The Gaspé
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Claude Goulet sows photographs all along Route 132

 Jean-François Nadeau  August 8, 2011

As part of the second Rencontres internationales de la photographie en Gaspésie, photographer Dan Bergeron is presenting a new series of public portraits in Chandler whose subject is the former workers at the defunct Gaspesia mill.

Photo : Fleurdelise Dumais
As part of the second Rencontres internationales de la photographie en Gaspésie, photographer Dan Bergeron is presenting a new series of public portraits in Chandler whose subject is the former workers at the defunct Gaspesia mill.

Make a note:

Between the shadows of the open water, the stones polished by the sea and the blue of the sky, anyone visiting the Gaspé in August will also see, all along the peninsula, photographs installed from one village to the next as part of the second edition of Rencontres internationales de la photographie en Gaspésie. Over the last few days, the master of this singular event, Claude Goulet, has been speeding along Route 132 to finish mounting the works of some 30 high-level photographers in time.

Hang on a minute, I’m stopping the car so I can talk to you!” Claude Goulet, it has to be said, doesn’t stop very often. He travels this country continually, largely because of his passion for photography. These last few days, the founder of Rencontres internationales de la photographie en Gaspésie has already made two tours of the peninsula to ensure that the installation of the works by the photographers selected for this second edition of an event that spreads out over more than 600 kilometers is done as effectively as possible. So it has to be done on wheels, between the sea air and mountain air, this discovery of 30 photographers brought together until September 12 in 13 different municipalities. Where does the ambitious idea of holding an event like this come from? “From love!” he says, laughing. “One day I came to the Gaspé and I met the woman I’ve been living with for seven years. I set up house in the area, and resolved to do something here that really appeals to me.” Of course, the fragile flower of love never comes from the some place where it decides to grow.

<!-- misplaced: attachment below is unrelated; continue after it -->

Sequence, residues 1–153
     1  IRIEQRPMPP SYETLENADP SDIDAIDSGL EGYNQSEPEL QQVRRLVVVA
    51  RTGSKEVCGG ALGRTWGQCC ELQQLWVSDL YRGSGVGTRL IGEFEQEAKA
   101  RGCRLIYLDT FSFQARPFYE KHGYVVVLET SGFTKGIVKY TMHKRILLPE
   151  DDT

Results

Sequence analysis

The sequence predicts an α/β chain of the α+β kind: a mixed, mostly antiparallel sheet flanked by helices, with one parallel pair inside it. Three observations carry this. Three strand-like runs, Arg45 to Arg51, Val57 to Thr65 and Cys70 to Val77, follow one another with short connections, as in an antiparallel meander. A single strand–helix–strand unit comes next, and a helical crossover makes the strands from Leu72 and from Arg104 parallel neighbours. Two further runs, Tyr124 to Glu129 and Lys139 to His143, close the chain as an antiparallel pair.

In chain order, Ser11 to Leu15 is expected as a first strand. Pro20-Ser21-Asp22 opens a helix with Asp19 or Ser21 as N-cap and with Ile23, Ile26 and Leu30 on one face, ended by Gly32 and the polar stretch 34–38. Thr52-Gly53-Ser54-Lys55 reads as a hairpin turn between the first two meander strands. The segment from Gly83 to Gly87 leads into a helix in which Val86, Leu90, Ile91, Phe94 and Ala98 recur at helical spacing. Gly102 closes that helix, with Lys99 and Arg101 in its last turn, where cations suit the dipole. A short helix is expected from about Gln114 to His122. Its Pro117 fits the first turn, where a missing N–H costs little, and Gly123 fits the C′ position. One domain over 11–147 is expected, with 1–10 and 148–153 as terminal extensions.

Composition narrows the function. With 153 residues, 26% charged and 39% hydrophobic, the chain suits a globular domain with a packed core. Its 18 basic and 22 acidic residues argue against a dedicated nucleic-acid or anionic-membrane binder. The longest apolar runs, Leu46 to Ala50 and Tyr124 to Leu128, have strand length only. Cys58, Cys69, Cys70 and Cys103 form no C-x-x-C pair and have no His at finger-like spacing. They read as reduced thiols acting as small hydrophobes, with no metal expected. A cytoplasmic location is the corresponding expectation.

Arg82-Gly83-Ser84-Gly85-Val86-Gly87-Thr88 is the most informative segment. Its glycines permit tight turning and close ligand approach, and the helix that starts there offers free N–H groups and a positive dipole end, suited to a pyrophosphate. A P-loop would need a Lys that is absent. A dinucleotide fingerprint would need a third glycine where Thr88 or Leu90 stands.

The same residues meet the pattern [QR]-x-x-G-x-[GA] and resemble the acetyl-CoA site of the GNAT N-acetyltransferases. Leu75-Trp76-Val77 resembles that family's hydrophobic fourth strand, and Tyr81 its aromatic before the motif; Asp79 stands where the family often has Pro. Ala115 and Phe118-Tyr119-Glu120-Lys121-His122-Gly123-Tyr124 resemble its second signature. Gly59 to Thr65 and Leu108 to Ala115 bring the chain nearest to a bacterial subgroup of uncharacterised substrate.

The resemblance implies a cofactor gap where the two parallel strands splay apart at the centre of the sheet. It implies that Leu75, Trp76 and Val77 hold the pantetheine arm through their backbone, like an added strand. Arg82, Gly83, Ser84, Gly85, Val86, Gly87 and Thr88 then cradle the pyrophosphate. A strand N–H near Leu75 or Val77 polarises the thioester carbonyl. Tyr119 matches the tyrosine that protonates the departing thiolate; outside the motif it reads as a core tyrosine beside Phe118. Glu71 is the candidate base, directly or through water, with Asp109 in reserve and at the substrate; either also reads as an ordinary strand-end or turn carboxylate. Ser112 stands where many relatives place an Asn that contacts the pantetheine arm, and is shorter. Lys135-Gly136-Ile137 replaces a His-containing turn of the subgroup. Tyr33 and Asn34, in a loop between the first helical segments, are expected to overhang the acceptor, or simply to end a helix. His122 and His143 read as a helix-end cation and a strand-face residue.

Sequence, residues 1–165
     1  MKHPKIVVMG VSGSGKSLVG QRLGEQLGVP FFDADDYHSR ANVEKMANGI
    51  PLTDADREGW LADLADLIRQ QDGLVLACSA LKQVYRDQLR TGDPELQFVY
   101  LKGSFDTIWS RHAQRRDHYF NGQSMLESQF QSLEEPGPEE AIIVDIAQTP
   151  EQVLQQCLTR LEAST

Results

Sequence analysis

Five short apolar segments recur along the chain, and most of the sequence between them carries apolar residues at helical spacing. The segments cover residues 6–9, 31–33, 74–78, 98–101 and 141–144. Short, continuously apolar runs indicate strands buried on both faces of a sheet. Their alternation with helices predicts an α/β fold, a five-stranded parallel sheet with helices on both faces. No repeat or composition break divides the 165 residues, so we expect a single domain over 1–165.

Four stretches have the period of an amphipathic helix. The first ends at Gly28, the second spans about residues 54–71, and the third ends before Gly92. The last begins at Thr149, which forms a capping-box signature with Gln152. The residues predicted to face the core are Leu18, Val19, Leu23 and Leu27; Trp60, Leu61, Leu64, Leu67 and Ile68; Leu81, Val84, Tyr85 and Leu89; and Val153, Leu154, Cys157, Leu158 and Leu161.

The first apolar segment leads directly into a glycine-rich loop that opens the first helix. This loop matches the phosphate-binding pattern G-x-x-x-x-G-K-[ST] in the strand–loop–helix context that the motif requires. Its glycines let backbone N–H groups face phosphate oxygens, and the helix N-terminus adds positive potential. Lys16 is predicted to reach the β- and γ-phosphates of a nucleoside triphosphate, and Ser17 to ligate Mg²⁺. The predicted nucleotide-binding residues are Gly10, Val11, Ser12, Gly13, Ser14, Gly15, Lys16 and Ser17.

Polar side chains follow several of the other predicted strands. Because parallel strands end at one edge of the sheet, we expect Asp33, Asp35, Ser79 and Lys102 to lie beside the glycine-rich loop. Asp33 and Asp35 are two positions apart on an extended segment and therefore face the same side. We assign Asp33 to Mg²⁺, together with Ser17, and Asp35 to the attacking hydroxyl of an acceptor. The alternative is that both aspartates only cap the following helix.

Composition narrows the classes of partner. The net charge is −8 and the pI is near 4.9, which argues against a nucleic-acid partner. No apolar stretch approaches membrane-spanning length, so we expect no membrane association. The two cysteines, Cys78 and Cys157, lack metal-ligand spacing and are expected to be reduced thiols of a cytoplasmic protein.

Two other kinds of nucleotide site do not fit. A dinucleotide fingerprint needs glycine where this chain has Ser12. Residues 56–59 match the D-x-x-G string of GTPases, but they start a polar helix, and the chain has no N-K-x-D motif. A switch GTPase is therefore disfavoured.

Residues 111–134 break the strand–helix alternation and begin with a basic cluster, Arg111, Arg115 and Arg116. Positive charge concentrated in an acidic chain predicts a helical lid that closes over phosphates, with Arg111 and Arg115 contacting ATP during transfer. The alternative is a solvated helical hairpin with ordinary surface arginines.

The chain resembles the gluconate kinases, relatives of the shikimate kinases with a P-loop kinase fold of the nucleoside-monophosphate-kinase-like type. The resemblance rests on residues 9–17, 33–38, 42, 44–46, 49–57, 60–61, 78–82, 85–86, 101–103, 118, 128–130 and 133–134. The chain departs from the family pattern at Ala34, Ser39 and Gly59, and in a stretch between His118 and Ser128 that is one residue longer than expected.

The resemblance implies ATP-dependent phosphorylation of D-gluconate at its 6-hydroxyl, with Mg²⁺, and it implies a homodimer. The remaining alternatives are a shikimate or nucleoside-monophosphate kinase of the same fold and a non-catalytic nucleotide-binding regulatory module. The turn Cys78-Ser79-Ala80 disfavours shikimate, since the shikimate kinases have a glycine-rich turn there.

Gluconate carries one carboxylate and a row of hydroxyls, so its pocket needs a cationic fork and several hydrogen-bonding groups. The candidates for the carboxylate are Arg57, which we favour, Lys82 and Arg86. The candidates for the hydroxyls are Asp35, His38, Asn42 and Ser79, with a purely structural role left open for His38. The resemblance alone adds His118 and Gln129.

Before settling down in the Gaspé, Goulet was already a regular in the world of culture, having worked in the area of music production. “When I traveled to France for my job, I always made time to visit photo festivals as well.”

For years, then, he strode back and forth as a curious fan through the old hangars and different buildings in Arles, in the south of France, a series of improbable spaces that nonetheless house, every summer, a very important photography festival. Enthusiasts and professionals from around the world flock to it.

“In Arles I met Jean-Daniel Berclaz of the Musée du Point de Vue. Since 1997 Berclaz has organized a photo event centered around the landscape. Photographers taking part present their work on the same spot where it was done.” In this museum with no fixed address, Berclaz examines the places as much as the photography. He adapts to the places where he installs works, performing an examination of the sites through that very process.

Claude Goulet was enchanted by this iconoclastic take on photography. “I told myself I could adapt that in my own way, in the Gaspé, where I live.”

On the road

In Paspebiac, the photographs of Larry Towell, member of the prestigious Magnum agency, are presented outside, on large panels. “These are photos that are highly characteristic of his output, taken from a project done on the Mennonite community and one on his family life, the latter a series entitled ‘The World from My Front Porch.’”

Not far from there, the work of Gabor Szilazi, dean of art photography in Québec, is displayed indoors this time, at the historical site of Banc-de-Pêche. “Szilazi is taking advantage of a photographer residency as part of the event. We thought in this case that the work would come off better under a roof.”

What else has he sown on his path? “Now I’m headed towards Chandler, where there’s an installation of the works of Jean-François Leblanc.” In this series, the contributor to the newspaper Le Devoir has devoted himself to the native peoples of Bolivia. An other regular contributor to Le Devoir, François Pesant, is also among the guests of this year’s Rencontres internationales de la photographie de la Gaspésie. “In Chandler,” Claude Goulet continues, “we’re also presenting ‘Les Portraits en papier,’ dedicated to the Gaspesia workers, on the very site of the former mill.”